Vatican releases programme for papal trip to Iraq
Pope Francis said his upcoming trip to Iraq would be an important sign of his concern for the region’s Christians, but also an important opportunity to build fraternity through interreligious dialogue.
“In our time, interreligious dialogue is an important component of the encounter between peoples and cultures. When it is viewed not in terms of compromising our own identity but as an occasion of mutual understanding and enrichment, dialogue can become an opportunity for religious leaders and the followers of different confessions, and can support the responsible efforts of political leaders to promote the common good,” the Pope told ambassadors to the Holy See February 8.
A few hours later, the Vatican released the initial schedule for the Pope’s trip to Iraq March 5-8.
Pope Francis plans to meet March 6 with Ayatollah Ali al-Sistani, leader of the country’s Shiite Muslim majority and then to hold an interreligious meeting with Christians, Muslims and Yazidis on the plain of Ur, widely recognised as the homeland of the patriarch Abraham.
Throughout the trip the Pope will pay homage to the victims of war and persecution in the country.
Pope to diplomats: Pandemic can spark needed change for better world
The Covid-19 pandemic can either be a catalyst for change for the better or it will weaken a world already burdened by global crises, Pope Francis said.
The pandemic not only had a “significant effect” on people’s way of living, it also “shed light on the risks and consequences inherent in a way of life dominated by selfishness and a culture of waste”, the Pope said February 8 during his annual meeting with diplomats accredited to the Holy See.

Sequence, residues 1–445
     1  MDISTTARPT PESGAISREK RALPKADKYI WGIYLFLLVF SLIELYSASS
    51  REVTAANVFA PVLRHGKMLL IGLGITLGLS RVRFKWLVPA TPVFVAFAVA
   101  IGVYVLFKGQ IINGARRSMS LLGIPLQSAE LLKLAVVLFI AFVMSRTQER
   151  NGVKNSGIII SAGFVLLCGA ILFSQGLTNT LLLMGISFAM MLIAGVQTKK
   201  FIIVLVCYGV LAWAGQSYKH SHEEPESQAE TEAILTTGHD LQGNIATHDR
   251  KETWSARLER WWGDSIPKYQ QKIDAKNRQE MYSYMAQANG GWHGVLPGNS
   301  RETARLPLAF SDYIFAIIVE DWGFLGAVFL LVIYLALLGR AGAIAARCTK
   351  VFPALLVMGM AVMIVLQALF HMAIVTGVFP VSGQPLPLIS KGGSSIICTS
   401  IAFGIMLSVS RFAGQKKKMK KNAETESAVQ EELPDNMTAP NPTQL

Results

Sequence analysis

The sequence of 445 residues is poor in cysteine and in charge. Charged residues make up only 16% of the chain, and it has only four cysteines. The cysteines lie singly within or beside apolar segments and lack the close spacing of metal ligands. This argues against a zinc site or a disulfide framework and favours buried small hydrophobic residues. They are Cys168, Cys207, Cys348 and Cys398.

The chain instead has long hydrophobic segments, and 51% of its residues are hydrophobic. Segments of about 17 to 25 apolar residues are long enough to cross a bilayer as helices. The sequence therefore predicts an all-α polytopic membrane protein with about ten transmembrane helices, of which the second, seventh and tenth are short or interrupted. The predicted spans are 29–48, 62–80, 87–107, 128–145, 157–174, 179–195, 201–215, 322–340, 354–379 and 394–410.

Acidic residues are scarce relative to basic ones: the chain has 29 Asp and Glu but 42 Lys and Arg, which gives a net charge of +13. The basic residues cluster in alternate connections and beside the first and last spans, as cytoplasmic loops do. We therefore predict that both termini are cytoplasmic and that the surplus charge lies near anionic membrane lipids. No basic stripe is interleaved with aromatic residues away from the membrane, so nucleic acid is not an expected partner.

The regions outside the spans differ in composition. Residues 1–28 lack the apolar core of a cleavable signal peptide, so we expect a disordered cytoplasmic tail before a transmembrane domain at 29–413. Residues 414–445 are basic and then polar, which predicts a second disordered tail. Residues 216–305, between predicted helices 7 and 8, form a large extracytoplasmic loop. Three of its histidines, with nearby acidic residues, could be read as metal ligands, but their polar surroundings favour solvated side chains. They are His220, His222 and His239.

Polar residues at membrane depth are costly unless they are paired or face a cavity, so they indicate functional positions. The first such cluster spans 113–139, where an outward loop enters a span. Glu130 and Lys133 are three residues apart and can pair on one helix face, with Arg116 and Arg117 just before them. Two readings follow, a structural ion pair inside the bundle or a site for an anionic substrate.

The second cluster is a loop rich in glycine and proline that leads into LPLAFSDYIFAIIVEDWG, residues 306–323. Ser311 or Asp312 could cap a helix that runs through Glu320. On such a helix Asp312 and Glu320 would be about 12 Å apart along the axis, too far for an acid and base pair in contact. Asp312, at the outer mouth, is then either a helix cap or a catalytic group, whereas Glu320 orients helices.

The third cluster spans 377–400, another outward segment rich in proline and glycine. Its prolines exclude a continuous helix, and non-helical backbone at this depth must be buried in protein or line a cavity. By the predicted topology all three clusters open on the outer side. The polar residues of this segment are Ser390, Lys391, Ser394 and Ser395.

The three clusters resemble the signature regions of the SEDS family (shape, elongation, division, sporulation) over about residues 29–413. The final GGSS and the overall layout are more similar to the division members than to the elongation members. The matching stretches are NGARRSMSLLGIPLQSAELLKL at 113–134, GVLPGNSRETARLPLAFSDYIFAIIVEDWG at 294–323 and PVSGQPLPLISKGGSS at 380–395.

The Covid-19 pandemic, he said, “set before us a choice: either to continue on the road we have followed until now, or to set out on a new path”.
In a nearly hourlong speech to members of the diplomatic corps, the Pope listed a series of crises “that were provoked or brought to light by the pandemic” as a way to reflect on the opportunities the global community has to build “a more humane, just, supportive and peaceful world”.
The health crisis sparked by Covid-19, he said, forced the world to confront two “unavoidable dimensions of human existence” – suffering and death.
Pandemic shows need for new model of care for elderly, academy says
A new attitude and approach toward the elderly are needed in today’s world, especially in the places and ways they are cared for when they become more fragile, said the Pontifical Academy for Life.
To make sure the needs of older people are met and their gifts appreciated, renewed attention and new solutions must be given to assisted living facilities, architectural barriers, friendships and social support networks, in-home caregivers, families and younger family members and opportunities in parishes, the academy said in a new document.
Released February 9, the 11-page “note” is titled, “Old Age: Our Future. The Elderly After the Pandemic”, and was made available in six languages at academyforlife.va.
It offers a reflection on the importance of the elderly and the challenges the older generation faces and will face, given the World Health Organization’s estimate that by 2050, the world will have 2 billion people over the age of 60, that is, one out of every five people in the world. The academy also appealed to every facet of society, including families, health care providers, city administrators and local parishes to be more attentive to and inclusive of older people.